I’ve waxed on (but not off) before of my love of rubber. My preference is for sticky rubber, but rubber for the cold is good, too. And now I found out I like metal on my rubber.

That’s right—studded rubber for my driving pleasure.

I recently drove on studded tires for the first time. It was on a Volvo V90 rental. Studded tires have been banned in Michigan long before I started driving, so I’ve never had a chance to try them before this.

(In researching this fact, I found one link that says studs are allowed in the Upper Peninsula, and another one that claims rubber studs are okay.)

bedazzled tire
The Volvo’s studly Continental WinterContact tire

I expected studs to look like spikes like those used in ice racing or Mad Max movies, but these were neither. They just looked like bedazzled tires you’d buy at Etsy.

Be-spiked tire
This makes me uncomfortable
Credit: Huhu Uet

Since these are not ice spikes, they won’t make a car impervious to slipping on ice. Instead, the studs will simply provide the grip it needs to get going, especially on sheer ice. I felt more confident on icy curves with these tires than I would have with normal winter tires1.

In the few patches of bare pavement I drove these on, I couldn’t tell I was driving with metal on the tires. The Volvo was just smooth and quiet. Studded tires are the perfect winter tires, right?

Unfortunately, this is probably just fantasy. The main reason studded tires are banned in Michigan (and other states) is because of the damage they do to roads. They turn roads into life-size slot car tracks. Our roads are apparently made of marshmallows. Or asphalt.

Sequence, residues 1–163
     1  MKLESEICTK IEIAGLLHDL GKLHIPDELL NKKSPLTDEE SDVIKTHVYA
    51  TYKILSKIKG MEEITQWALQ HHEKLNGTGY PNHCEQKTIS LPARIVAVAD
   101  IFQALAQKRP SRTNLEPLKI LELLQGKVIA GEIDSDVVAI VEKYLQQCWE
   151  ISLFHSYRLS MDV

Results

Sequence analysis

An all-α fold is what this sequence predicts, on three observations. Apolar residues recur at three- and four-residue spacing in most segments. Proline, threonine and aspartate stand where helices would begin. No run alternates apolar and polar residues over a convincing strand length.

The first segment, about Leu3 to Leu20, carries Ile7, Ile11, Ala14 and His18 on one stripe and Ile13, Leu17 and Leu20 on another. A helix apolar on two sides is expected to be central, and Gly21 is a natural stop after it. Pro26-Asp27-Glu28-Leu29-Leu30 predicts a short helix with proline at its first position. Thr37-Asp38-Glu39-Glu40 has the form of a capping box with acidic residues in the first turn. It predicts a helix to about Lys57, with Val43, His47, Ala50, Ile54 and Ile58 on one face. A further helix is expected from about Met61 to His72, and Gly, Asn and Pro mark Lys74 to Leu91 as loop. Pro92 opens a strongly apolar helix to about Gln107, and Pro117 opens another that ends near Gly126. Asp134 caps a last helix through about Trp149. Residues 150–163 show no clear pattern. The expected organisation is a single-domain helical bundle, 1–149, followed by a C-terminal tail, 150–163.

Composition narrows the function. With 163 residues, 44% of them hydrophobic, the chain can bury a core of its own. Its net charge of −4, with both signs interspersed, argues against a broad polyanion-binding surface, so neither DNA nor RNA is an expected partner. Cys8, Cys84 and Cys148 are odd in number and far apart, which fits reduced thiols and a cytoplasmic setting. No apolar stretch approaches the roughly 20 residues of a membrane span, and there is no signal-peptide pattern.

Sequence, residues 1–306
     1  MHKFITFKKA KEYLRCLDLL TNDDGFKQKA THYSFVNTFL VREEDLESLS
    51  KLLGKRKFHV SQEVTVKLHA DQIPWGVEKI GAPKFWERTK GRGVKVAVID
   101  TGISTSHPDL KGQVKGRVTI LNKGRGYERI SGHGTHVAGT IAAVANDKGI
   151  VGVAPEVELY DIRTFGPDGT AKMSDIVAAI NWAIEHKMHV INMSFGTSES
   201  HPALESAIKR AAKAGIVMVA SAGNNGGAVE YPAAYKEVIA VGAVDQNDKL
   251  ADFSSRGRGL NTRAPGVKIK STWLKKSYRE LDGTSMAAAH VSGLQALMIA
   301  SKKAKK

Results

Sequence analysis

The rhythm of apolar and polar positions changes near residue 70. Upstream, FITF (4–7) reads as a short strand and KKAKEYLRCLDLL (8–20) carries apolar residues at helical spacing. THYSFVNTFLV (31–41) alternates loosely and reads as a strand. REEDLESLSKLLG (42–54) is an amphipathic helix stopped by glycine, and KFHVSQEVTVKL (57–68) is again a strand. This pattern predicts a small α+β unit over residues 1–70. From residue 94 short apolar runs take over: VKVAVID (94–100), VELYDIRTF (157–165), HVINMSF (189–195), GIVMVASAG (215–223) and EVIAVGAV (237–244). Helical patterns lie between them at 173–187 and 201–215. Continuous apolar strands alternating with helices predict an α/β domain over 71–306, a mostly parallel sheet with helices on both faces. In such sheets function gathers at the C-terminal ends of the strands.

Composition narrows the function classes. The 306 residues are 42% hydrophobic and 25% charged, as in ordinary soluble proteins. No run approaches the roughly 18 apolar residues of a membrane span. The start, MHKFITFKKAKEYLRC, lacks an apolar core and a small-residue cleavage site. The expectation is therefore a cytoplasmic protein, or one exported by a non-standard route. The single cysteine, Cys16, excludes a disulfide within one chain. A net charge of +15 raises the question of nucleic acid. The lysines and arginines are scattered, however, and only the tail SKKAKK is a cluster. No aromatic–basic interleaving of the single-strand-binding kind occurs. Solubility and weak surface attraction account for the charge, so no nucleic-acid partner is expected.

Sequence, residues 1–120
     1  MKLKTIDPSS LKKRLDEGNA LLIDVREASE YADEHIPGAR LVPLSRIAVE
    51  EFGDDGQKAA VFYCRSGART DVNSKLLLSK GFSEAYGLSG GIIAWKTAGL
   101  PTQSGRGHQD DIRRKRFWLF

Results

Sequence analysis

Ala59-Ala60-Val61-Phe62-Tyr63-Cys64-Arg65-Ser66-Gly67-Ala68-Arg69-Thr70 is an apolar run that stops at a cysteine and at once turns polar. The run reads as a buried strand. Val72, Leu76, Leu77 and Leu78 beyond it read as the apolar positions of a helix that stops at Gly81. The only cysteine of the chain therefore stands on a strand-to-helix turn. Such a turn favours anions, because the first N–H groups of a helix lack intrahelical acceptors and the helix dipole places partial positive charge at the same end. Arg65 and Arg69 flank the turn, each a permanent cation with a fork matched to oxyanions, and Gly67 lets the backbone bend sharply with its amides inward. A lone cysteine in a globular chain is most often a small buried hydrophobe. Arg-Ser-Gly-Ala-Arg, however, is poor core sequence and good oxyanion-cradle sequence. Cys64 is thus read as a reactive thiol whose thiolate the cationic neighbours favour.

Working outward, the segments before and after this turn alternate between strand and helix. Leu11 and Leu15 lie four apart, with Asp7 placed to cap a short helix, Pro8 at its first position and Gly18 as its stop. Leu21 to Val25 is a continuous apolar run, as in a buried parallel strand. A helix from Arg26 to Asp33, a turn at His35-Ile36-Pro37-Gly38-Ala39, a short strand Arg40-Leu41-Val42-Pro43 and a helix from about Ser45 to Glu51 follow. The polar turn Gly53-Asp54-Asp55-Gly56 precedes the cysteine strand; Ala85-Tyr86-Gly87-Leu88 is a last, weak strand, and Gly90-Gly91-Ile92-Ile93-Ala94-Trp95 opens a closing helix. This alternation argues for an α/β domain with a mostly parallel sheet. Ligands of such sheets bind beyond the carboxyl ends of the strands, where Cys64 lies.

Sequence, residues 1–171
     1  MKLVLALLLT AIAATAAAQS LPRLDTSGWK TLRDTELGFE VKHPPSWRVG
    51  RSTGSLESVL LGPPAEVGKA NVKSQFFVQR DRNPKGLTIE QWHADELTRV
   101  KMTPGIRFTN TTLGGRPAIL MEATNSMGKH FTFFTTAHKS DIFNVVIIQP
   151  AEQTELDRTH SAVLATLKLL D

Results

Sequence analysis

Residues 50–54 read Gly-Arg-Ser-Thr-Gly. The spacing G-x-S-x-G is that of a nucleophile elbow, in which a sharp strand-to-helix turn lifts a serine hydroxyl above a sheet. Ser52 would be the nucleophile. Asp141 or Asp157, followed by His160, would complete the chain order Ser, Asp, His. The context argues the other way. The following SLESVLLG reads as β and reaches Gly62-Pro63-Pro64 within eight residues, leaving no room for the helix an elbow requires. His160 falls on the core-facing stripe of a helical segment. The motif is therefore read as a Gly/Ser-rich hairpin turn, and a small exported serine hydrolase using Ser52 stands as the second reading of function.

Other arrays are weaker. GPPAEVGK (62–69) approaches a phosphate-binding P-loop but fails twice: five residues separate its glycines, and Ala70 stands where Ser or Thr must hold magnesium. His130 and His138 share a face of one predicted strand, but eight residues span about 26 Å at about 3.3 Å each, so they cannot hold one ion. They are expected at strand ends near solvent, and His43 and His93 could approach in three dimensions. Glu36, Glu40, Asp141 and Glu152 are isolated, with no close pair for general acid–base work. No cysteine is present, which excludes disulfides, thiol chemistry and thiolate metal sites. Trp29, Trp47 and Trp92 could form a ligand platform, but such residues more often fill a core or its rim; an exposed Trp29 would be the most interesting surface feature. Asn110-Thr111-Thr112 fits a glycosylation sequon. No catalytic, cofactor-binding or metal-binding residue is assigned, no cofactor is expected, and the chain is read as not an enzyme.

Michigan roads already look like post-apocalyptic roads used in movies filmed after an actual apocalypse. Could they really get any worse if we used studded tires?

The roads where I was driving the studded tires looked just fine. Maybe we need to learn how to make better roads.

Studded tires increase braking distances in both wet and dry pavement. Today’s studless winter tires actually meet or exceed a studded tire’s performance except on ice. We don’t need studs for the the Snowpocalygeddon.

That is a studded tire’s main advantage—it’s performance on glare ice. There’s also a study that also show a small decrease (<10%) in accidents in winter with studded tires.

And if we had studded tires, then maybe, just maybe, we would use less salt for the roads in winter.

That’s about it for advantages.

Here in Michigan, studded tires would probably be needed once or twice per winter season. And in those cases, it’s probably best just to stay off the roads all together.

The benefits of studded tires seem to have a very narrow scope in Michigan, probably not enough to allow them on our roads again. But a tire lover can still dream.

The hammer of the gods
Will drive our ships to new lands
To fight the horde
Sing and cry
Valhalla, I am coming
—Jimmy “Thor” Page / Robert “Ragnarök” Plant

Crankiness Rating:

We can never have nice things in Michigan.